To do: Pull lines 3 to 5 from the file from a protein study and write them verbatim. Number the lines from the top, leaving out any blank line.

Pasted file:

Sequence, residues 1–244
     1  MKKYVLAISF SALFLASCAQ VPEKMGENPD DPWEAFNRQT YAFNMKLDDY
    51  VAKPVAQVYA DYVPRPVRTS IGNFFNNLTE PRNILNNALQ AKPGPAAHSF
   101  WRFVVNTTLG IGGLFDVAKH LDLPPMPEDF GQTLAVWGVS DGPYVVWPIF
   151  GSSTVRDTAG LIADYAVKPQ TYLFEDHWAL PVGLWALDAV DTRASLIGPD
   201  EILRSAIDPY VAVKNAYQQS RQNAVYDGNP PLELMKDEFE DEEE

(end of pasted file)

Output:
    51  VAKPVAQVYA DYVPRPVRTS IGNFFNNLTE PRNILNNALQ AKPGPAAHSF
   101  WRFVVNTTLG IGGLFDVAKH LDLPPMPEDF GQTLAVWGVS DGPYVVWPIF
   151  GSSTVRDTAG LIADYAVKPQ TYLFEDHWAL PVGLWALDAV DTRASLIGPD